• American efforts to impress its vision on other governments are not tainted by imperial ambition. America’s rectitude and civic virtue validate its role as guide and prophet.

  • The United States, therefore, is not a ‘global Leviathan’ that advances its selfish interests at the expense of others. It is, rather, the benign producer of public goods.

  • The privilege of partial exception from the international norms, including the right to act unilaterally, is earned by an historical record of selfless performance.

This American project has met strenuous opposition from European political elites (and an even larger slice of European publics). Its premises have been disputed, its motivations are suspect, and its means deemed impractical, naïve and dangerous. This barrage of criticism from official and unofficial quarters alike, however, obscures a movement in thinking and policy whereby Europeans are engaging the issues that have preoccupied Washington. It is expressed in formal policy declarations. The rethink at the governmental level has been informed by a broader intellectual response to the American challenge.5 The landmark document is the European Security Strategy, titled A Secure Europe In A Better World, adopted by the Council in December 2003.6 It unmistakably places at the top of the Union’s strategic agenda the concerns that have animated the Bush administration’s radical program. Actively promoted by Javier Solana, High Representative for the Union’s Common Foreign and Security Policy, the document draws on ideas developed by Robert Cooper. Cooper, the British diplomat who had been a special foreign policy adviser to Tony Blair, is Director-General of External and Politico-Military Affairs for the Council. The statement denotes as “Key Threats:” Terrorism, Proliferation of Weapons of Mass Destruction, State Failure, and Organized Crime. Moreover, it recognizes the need for “preventive engagement” that “can avoid more serious problems in the future.” It calls on members to be “more active in pursuing our strategic objectives .... by using the full spectrum of instruments for crisis management and conflict prevention at our disposal, including political, diplomatic, military and civilian, trade and development activities.”7 It goes on to say that the EU needs “to develop a strategic culture that fosters early, rapid, and when necessary, robust intervention.” A more active EU that takes greater responsibility will be “one which carries greater political weight” and “contribute to an effective multilateral system.”8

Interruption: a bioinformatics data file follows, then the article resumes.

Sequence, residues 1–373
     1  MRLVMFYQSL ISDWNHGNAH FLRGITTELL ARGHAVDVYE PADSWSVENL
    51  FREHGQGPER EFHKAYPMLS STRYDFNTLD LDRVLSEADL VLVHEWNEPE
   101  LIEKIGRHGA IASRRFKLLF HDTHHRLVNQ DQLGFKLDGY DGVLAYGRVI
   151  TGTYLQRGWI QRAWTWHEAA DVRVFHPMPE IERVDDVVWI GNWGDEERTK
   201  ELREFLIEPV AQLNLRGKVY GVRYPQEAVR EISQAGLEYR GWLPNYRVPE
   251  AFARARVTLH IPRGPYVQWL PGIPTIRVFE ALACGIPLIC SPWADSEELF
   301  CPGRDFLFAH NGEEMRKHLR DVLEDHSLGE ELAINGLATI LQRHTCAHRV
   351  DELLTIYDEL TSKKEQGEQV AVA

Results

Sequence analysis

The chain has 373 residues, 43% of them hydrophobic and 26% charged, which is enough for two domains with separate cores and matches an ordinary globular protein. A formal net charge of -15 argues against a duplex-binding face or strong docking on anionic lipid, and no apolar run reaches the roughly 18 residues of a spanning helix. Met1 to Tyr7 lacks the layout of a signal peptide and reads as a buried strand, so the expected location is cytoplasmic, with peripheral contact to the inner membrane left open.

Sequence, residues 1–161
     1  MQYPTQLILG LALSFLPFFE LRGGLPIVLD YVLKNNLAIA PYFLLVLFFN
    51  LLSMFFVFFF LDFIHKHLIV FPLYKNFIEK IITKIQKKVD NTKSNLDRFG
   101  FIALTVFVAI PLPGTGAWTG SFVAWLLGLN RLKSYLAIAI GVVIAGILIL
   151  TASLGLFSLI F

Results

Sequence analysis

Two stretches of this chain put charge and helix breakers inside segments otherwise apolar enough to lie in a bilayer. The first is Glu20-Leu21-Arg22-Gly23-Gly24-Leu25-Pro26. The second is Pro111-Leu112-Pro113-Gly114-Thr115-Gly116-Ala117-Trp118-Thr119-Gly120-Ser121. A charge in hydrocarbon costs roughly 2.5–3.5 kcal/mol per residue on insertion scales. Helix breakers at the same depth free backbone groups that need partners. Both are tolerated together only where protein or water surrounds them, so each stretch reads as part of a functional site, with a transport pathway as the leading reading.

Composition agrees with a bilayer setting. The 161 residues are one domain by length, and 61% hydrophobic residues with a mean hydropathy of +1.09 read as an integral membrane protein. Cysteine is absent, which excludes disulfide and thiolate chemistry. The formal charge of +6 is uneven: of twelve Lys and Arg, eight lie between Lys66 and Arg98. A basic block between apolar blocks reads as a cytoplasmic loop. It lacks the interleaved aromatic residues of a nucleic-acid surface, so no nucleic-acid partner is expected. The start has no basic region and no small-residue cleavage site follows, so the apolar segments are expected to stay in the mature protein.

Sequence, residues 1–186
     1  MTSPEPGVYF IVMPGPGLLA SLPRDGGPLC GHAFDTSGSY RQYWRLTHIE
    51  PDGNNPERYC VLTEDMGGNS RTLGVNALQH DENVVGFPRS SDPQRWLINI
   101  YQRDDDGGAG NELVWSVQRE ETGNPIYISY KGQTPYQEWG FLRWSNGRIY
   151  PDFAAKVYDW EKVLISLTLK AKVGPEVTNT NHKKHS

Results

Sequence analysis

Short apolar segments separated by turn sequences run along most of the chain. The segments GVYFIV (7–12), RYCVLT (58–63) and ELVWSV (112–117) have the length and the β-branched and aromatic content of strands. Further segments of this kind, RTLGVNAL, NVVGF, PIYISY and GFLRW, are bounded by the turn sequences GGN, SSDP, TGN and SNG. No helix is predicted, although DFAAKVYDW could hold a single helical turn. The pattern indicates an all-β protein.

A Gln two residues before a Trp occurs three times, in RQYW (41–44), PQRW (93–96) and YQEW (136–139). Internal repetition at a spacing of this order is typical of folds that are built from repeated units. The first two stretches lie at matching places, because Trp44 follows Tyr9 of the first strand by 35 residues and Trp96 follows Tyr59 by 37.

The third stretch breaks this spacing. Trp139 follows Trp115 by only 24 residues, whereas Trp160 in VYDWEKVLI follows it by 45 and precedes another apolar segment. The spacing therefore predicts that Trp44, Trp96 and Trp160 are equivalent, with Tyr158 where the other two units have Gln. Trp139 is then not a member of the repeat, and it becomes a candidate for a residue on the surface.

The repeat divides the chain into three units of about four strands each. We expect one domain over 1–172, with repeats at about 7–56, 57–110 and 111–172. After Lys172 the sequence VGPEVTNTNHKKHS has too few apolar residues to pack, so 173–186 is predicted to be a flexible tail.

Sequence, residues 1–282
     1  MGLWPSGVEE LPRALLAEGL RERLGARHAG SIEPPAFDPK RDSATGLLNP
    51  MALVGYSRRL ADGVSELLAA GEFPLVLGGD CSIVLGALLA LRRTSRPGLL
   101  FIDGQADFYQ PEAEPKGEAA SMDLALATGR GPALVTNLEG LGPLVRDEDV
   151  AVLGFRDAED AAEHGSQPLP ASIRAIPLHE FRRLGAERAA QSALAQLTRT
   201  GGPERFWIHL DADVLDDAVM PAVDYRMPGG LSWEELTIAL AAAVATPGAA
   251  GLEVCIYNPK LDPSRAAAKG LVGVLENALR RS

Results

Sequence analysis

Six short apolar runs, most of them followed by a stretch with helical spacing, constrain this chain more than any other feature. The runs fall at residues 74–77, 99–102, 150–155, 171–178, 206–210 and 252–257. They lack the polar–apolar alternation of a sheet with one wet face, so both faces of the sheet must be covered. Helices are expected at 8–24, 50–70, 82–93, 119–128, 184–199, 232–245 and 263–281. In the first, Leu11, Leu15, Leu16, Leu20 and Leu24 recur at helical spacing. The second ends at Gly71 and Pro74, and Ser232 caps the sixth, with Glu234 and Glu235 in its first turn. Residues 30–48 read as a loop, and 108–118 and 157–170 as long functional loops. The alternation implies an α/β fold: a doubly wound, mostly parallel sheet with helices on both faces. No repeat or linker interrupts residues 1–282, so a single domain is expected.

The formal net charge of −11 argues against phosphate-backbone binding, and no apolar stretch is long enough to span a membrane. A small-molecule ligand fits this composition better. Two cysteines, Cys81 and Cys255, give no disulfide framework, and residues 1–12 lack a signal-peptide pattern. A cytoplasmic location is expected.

Cooper’s own writings fashion a vision of the challenges presented to the democratic world that places current and prospective threats in historical perspective, highlighting elements of paradox and contradiction. His is a frontal encounter with the complexities of liberal imperialism. Cooper’s conception has as its centerpiece a world wherein the post-modern societies of the West, the ‘zone of safety,’ struggle to come to terms with menacing forces spawned in pre-modern societies.9 This ‘zone of disorder’ has two precincts: the chaotic conditions that are the residue of failed states, and the transnational community of the culturally and spiritually estranged who exist on the margins of all organized society.

Westerners, he avers, only dimly understand these radical fundamentalist sects. Furthermore, they require methods of treatment the Western democracies are ill-prepared to administer: the imposition of benevolent, custodial rule in the zone of disorder that is their breeding ground; and, where engaged in violent acts, their uprooting and elimination. As he puts it, ‘the most worrisome feature is the encroachment of chaos on the civilized world;” its most menacing manifestation being the “violently anti-Western terrorist movements.”10 The new twist is that their religious passion is a reaction to the progressive spread of the West’s secular materialistic culture via the multiple circuits of globalization.11 It is experienced as an assault on Islam’s spiritual community, the ummah, and a debasement of sacred beliefs and customs. Post-modern societies’ valuing individualism and self-realization, above all else, is an affront and mortal threat to the solidaristic values of the ummah. Those who propagate it, those who accept it, those public authorities who acquiesce in it must be attacked.

Globalization provides the opportunities to do so. It does so not just by facilitating their clandestine networks, but also, more gravely, by disseminating the knowledge and technology for producing unconventional weapons which, in the reach of terrorist organizations, raises their potential lethality to dire levels. As Cooper puts it, it is “globalization that ……brings us new, more foreign enemies whose motives are barely understood.’12 In the Middle East especially, they are the product of societies destabilized by the intrusion of the West – whether overtly through imperial subjugation in an earlier era or, in more recent years, by the encroachment of Western ideas, culture and economic modes.13 The retraction of colonial rule left behind few durable political structures. In most places, the bequeathed nation-state was neither a cohesive nation nor a competent state. With the advent of independence, incompetent tyrannies arose whose autocratic ways and woeful economic performance discredited ideologies of modernism. Fundamentalist Islam provided spiritual refuge and the keenly lost sense of collective identity. Violence against those who by their acts and/or presence are a living reminder of the insults inflicted on Muslims is its natural accompaniment. This interpretation of the sources for violent jihadist Islam is also point of reference for American neo-conservatives. Their prescription for what they see as ailing the Muslim world is to nurture a mix of political and economic reform which they expect will satisfy the yearning for self-expression as well as well-being.